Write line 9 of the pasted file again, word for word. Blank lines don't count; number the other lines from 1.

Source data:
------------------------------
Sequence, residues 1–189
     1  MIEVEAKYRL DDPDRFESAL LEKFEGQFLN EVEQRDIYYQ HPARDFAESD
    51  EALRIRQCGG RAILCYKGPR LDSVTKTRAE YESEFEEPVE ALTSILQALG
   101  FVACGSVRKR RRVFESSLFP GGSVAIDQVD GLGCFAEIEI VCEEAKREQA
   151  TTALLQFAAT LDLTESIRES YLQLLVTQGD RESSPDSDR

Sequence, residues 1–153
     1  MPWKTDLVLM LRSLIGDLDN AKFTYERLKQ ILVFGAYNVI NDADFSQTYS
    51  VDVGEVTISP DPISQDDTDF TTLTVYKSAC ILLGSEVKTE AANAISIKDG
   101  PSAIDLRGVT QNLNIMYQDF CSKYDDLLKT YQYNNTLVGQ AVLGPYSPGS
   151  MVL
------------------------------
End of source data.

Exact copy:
   101  PSAIDLRGVT QNLNIMYQDF CSKYDDLLKT YQYNNTLVGQ AVLGPYSPGS